Risotto with Asparagus and Ham

I’ve been making risotto for a long time and it’s one of those time consuming dishes that people avoid, but it’s easy to do, just give yourself a good 30-45 minutes (much of which can be spent checking email) in the kitchen. This is supposed to serve 4, but 2 hungry people cleaned their plates:

Risotto with Asparagus and Ham

  • 1 quart chicken or vegetable stock
  • 3 tablespoons unsalted butter, divided
  • 1 tablespoon olive oil
  • 1 cup leeks, the green part, washed and sliced thin, or 1 cup chopped onions
  • 1 cup arborio rice
  • ¼ cup white wine
  • Zest and juice of 1 lemon
  • Parmesan, grated
  • Salt and pepper
  • Asparagus, cut into 1” pieces
  • Slivered or sliced ham, like prosciutto

In a medium saucepan, bring the broth to a simmer and keep warm.

Heat a Dutch oven or high sided pan on medium heat, add 1 tablespoon of butter, the olive oil and the leeks or onions, and cook until tender, about 3-4 minutes. Slightly increase the heat, add the rice, and stir to coat the rice. Cook for a few minutes until the rice is no longer opaque.

Add the wine to the rice and cook, stirring until the wine is absorbed. Season lightly with salt. Add a cupful of broth—enough to just cover the rice (for me it’s about 3/4 -1 cup). Stir and let the rice absorb the liquid before adding more. The rice should be cooking at a low to moderate temperature and slowly simmering. Keep stirring and adding just enough broth to cover the rice. It should take about 15 minutes total. Taste the rice for doneness, it should be a little al dente, but cooked through.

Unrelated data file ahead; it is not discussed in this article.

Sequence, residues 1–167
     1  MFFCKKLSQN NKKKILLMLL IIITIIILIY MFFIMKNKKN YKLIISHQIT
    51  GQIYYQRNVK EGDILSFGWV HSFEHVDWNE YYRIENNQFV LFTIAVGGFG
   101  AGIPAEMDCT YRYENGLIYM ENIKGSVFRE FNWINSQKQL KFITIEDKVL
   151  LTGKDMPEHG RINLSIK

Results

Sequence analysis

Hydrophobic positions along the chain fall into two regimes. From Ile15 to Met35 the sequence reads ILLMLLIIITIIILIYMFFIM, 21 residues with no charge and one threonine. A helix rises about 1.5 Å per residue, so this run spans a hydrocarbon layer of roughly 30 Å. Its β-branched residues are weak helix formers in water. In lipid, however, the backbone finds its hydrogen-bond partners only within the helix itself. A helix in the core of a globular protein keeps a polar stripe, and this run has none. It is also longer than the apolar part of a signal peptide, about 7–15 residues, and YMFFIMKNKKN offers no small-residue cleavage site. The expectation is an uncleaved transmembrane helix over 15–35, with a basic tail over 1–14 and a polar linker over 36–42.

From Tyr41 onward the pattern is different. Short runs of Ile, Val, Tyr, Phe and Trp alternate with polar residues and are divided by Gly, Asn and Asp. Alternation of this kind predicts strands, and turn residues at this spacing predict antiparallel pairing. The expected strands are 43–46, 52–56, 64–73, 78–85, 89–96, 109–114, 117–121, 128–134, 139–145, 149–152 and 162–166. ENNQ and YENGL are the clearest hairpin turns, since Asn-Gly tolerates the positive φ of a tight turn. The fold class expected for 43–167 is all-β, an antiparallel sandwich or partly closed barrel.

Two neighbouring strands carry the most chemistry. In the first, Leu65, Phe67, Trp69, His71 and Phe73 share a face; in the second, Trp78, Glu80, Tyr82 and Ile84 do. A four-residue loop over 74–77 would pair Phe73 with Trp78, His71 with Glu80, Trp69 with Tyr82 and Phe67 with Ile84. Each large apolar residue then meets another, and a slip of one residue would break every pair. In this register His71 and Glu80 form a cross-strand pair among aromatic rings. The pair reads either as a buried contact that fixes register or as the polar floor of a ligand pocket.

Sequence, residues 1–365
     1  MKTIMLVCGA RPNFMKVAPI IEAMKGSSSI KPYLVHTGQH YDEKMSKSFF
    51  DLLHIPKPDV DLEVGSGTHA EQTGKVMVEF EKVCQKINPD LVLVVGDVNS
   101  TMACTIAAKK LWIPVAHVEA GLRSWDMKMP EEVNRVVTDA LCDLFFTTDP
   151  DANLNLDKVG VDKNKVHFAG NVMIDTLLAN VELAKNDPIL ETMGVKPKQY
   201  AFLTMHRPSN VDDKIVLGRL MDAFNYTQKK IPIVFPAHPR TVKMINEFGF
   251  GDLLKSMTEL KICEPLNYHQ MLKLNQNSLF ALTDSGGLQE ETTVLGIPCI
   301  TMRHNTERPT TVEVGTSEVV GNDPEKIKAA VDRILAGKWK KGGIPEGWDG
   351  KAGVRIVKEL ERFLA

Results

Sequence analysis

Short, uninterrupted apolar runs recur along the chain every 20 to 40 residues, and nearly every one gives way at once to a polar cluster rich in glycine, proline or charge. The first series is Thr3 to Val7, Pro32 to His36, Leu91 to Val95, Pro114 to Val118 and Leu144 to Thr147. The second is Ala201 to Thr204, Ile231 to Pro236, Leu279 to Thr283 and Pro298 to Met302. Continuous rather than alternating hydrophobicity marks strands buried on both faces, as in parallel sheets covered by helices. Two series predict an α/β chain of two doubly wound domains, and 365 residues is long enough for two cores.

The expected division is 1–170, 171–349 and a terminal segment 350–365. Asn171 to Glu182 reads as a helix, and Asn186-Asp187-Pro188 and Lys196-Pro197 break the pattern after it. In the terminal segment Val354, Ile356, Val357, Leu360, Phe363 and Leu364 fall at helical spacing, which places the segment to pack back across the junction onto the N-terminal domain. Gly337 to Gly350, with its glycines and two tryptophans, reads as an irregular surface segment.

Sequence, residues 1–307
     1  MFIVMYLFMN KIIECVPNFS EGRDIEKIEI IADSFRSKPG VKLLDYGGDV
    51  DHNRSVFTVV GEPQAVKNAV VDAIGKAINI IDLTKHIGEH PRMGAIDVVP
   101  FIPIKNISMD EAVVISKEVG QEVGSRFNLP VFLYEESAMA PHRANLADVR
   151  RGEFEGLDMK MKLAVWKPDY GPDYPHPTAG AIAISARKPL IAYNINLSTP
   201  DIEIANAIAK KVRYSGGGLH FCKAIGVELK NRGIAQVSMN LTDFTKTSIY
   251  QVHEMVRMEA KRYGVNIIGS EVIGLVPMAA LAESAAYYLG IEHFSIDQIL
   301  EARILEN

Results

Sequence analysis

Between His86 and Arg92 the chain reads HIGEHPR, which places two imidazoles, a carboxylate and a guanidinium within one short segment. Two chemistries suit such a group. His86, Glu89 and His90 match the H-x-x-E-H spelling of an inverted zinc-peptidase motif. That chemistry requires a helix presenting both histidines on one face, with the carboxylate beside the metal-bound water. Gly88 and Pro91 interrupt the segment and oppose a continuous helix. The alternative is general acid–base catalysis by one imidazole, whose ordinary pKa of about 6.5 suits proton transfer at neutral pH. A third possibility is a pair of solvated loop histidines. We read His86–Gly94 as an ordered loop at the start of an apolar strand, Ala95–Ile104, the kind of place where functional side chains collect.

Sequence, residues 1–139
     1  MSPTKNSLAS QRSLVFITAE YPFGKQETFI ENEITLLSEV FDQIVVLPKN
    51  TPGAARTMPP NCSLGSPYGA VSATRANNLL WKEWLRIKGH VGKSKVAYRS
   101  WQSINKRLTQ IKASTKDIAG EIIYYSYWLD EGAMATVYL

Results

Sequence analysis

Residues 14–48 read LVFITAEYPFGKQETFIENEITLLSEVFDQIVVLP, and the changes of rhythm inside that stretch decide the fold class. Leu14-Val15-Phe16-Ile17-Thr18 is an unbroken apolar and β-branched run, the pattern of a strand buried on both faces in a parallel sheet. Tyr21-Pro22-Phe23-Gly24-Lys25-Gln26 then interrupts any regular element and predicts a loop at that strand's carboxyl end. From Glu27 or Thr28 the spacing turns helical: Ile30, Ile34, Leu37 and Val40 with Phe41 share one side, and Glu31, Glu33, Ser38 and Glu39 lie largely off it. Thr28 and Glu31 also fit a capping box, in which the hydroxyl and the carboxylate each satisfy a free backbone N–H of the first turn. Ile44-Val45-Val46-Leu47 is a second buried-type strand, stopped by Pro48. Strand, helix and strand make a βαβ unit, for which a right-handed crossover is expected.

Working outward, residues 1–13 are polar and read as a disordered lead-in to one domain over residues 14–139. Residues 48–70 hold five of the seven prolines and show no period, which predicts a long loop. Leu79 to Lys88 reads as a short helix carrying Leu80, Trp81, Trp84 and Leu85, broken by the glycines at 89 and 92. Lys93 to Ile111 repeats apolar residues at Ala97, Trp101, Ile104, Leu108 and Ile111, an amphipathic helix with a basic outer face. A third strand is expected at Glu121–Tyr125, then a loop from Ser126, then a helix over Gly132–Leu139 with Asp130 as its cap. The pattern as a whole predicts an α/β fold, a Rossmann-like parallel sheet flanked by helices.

If you’re using asparagus, add them to the rice when you’re about halfway through the broth.

While still on the stove, add the rest of the butter, lemon zest and juice. Stir in the ham and season with salt and pepper if needed. Grate some Parmesan into the risotto, serve and enjoy!

My verdict:

I hate wasting the top parts of leeks, and ramps have such a limited season, so this came about as a way to use them up.

An Italian friend of mine suggested crisping up the prosciutto in a frying pan and sprinkling it over the finished risotto. It would have been great, if I didn’t nibble on most of it while stirring. Try it, it’s like prosciutto chips!!

I recently made this for some guests—one of whom was a chef and it was great, so don’t be intimidated by the recipe or your audience.

It’s also a great way to use up bits and pieces of things in your fridge. Feel free to improvise. Mushrooms are a natural, peas, other vegetables—a dollop of pesto, whatever is lurking in the kitchen. What are your favorite things to add to risotto?



Leave a Reply

Your email address will not be published. Required fields are marked *

This site uses Akismet to reduce spam. Learn how your comment data is processed.